Hugh Jackman injured in Oprah TV show stunt in Australia
SYDNEY (Reuters) - Australian movie star Hugh Jackman was slightly injured on Tuesday while performing a stunt during the taping of an Oprah Winfrey show at the Sydney Opera House.
Live television showed Jackman sliding down a cable from the top of the Sydney Opera House towards a giant outdoor stage, but he failed to stop, crashing into the stage's light rigging and hurting his face.
"That was so much fun, until the end," joked Jackman, famed for his tough Wolverine role.
Jackman, later sporting a small bandage under his eye, told Winfrey that the excitement of sliding down the cable caused him to brake too late.
"I came down waving to everyone, looking over Sydney Harbour, saw my dad, the kids and you (Winfrey), went to pull the brake and then boing," he said.
Entertainment reporters at the scene said Jackman was hit in the eye. Television showed Jackman holding some ice on his face and taking a swig of red wine. It was reported that Jackman suffered a black eye.
But Jackman was well enough to give Winfrey a lesson on eating Vegemite, a black yeast breakfast spread many Australians love. He spread some onto a biscuit and offered it to the TV chat show queen.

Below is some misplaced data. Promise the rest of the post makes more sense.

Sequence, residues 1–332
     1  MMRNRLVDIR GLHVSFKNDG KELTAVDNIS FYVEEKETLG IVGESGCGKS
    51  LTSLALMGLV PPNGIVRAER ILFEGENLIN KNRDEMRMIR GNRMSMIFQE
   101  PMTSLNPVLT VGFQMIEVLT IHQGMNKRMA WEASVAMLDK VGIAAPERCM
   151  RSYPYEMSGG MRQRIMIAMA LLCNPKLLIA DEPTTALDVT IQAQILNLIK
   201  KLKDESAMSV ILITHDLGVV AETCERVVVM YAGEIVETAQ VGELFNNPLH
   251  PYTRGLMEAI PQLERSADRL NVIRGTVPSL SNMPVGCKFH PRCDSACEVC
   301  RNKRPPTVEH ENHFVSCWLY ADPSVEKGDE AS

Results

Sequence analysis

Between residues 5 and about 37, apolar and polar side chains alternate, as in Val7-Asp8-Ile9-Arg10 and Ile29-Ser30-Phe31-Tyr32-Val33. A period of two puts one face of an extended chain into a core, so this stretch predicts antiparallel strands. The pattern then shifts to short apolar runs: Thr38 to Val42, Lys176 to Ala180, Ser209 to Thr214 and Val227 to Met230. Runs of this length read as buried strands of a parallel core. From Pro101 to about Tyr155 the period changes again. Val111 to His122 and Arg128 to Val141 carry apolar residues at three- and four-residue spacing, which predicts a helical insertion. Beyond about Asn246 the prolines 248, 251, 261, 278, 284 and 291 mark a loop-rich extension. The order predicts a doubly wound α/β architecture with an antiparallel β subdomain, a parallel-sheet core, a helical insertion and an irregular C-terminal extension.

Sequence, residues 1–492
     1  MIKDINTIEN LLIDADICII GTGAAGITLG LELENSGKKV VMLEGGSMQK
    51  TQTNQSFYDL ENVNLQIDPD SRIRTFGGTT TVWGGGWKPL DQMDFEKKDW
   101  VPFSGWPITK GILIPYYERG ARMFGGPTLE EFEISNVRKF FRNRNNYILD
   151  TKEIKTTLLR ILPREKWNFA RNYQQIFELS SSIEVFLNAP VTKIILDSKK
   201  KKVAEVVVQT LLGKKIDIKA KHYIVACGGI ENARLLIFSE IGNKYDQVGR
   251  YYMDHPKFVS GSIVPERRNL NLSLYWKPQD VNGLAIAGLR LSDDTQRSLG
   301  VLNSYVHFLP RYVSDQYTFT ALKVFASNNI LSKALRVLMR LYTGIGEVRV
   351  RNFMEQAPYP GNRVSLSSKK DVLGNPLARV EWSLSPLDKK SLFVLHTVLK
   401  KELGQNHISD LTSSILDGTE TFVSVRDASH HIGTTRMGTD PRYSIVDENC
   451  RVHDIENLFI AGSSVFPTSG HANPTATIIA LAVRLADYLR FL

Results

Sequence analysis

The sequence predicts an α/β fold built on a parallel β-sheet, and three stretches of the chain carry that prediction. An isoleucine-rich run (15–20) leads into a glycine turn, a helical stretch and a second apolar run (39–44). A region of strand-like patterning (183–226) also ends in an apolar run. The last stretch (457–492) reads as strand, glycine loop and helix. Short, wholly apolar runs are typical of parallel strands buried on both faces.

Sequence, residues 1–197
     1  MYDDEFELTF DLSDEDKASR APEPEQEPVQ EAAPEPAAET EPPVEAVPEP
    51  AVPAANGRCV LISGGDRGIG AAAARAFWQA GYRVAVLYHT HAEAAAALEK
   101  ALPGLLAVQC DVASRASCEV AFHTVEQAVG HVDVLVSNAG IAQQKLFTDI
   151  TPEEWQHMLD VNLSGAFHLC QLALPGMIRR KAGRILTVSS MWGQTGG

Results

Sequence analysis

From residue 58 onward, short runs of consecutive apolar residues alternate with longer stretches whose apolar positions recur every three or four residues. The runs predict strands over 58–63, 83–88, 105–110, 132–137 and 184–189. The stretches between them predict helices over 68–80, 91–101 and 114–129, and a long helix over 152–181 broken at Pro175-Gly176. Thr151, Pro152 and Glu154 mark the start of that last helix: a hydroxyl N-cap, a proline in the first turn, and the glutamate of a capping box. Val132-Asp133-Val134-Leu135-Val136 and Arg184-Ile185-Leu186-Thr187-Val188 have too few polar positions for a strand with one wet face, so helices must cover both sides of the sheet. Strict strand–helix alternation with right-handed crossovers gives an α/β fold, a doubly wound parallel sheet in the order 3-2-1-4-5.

"I like it," declared Winfrey, before eating some more and washing it down with a glass of one of Australia's best and most expensive wines, the Penfold's Grange.
Winfrey, with 302 specially flown American guests in tow, is in Australia producing two TV chat shows, with Australian guests such as Jackman, Russell Crowe, Nicole Kidman, Keith Urban and Olivia Newton John.
Winfrey's American guests have also filmed their travels around Australia to the Outback and the Great Barrier Reef. Their video journals will be part of the shows that will air later in the United States.
Australia has spent more than A$3 million (1.9 million pounds) bringing "The Oprah Winfrey Show" to Australia as a way to boost tourism. The TV show is watched by 40 million Americans and screened in 145 countries.
(Reporting by Michael Perry; Editing by Clement Tan)
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